The best of times and the worst of times in process automation

July 15, 2015
It is a good time to be in the process industries. If you feel you’re getting dumped on, maybe all that’s required is a change of view—or a different table at the feast.
About the Author
Paul Studebaker is chief editor of Control. He earned a master's degree in metallurgical engineering and gathered 12 years experience in manufacturing before becoming an award-winning writer and editor for publications including Control and Plant Services.

Half our month of June was spent on the road, including Rockwell Automation TechEd and Honeywell User Group (HUG) Americas, learning about the bright future for process automation professionals armed with connected enterprises, Industrial Internets of Things (IIoT), cloud computing and big data analyses, as well as the cybersecurity and services you need to support the very profitable implementations your companies will soon be making to improve productivity, efficiency and safety.

One evening during HUG, we celebrated our new knowledge on the Riverwalk in San Antonio at an Italian restaurant recommended by the young woman behind the counter at our hotel. The restaurant offers indoor and outdoor seating, the latter with a few tables right out by the water under some trees. When we expressed our preference for one of those, the host was pleased to comply, but warned us, “Do you hear those birds? You’re welcome to that table but sometimes, the birds…”

We thought the birds sounded lovely, and the table was clean, so we three manly men scoffed at the risk, telling each other, “What’s the worst that could happen?” We sat and ordered drinks, and it began.

The first victim of 100% organic “rain” was our publisher, Keith, who had sat closest to the trunk of the tree and took a generous shot to the backside. He was less than happy, but we were undaunted. Our waiter arrived, and along with our food orders, we requested an extra napkin. He came back with two—one damp, one dry. How wise of him.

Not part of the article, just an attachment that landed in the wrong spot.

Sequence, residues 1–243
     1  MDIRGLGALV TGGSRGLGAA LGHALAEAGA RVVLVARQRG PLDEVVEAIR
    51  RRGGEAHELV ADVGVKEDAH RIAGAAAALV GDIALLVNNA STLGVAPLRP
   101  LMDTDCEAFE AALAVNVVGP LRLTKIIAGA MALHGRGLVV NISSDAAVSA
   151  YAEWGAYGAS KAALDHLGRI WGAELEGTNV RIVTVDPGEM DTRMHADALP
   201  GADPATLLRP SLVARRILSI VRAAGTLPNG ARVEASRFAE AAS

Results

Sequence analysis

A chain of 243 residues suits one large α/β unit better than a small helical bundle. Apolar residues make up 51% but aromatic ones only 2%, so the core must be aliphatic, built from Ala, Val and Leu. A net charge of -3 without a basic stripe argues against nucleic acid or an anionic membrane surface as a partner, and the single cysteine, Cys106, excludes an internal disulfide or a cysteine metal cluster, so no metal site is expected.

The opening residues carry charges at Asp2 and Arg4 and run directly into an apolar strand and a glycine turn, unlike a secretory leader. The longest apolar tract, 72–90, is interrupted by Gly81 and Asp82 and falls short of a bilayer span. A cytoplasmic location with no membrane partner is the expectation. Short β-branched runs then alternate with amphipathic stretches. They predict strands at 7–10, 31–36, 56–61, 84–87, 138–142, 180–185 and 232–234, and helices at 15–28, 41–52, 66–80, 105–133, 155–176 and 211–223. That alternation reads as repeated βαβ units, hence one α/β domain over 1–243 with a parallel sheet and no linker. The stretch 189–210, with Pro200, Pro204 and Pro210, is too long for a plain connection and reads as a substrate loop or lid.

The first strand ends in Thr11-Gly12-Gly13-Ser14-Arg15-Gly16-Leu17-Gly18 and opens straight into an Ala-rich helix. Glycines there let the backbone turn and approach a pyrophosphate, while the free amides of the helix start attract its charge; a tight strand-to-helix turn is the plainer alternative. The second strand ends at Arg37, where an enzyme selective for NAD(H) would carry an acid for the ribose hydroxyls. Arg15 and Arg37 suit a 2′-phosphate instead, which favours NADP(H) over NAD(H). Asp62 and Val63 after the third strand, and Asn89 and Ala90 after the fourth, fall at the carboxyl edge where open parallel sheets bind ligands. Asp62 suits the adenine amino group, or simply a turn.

As we enjoyed an appetizer, a dollop winged the outside of my wine glass, and Keith took a hit to the shoulder. We felt a bit more concern and placed napkins over our drinks, just in case. Then, while we waited for our dinners, Keith and I both took second helpings, this time to our left arms. We became anxious. Was the frequency increasing?

By the time our main courses arrived, we were fully paranoid. The food was delicious, but our concern that our meals could be despoiled had us hunkered over, eager to get done before it might be too late.

As we finished our dinners, the birds completed their trifecta by copiously decorating the top of Jim’s head. We skipped dessert.


On our return to our offices and editorial duties, I was reminded of our adventure on the Riverwalk by the results and some of the respondents’ comments to our annual Salary Survey.

Now that we’ve had the good sense to take a closer look at annual salaries greater than $100,000, it’s more clear than ever that many process automation professionals are well-compensated and earn bonuses and fringe benefits that, I assure you, could inspire jealousy in your average magazine editor. Still, the vast majority of you put challenging work and job satisfaction at the top of your reasons for being who you are and doing what you do.

Yet, there’s a sense that many of you are held back—by budgets, by short-sighted management, by uninspired coworkers—from being able to do the projects and make the changes that can make a huge difference to your plants’ productivity and company profits.

In June, we saw thousands of you attend inspiring sessions detailing many ways to use more data, better controls and effective communications to increase utilization, reduce downtime, improve quality, make plants safer and cut costs. The presenters were proud of their accomplishments and eager to share how they determined their needs, engineered the solutions and overcame obstacles to implementation.

Clearly, if your plant isn’t running as well as you’d like, there’s a way to improve it, and it probably involves process control. Find your pain points and define your problem. Then sit down, put it on your plate and dive in. Bon appétit!

But if you can’t enjoy your work and make improvements because all you can think about is what’s going to rain down on you next, it might pay to move to another table.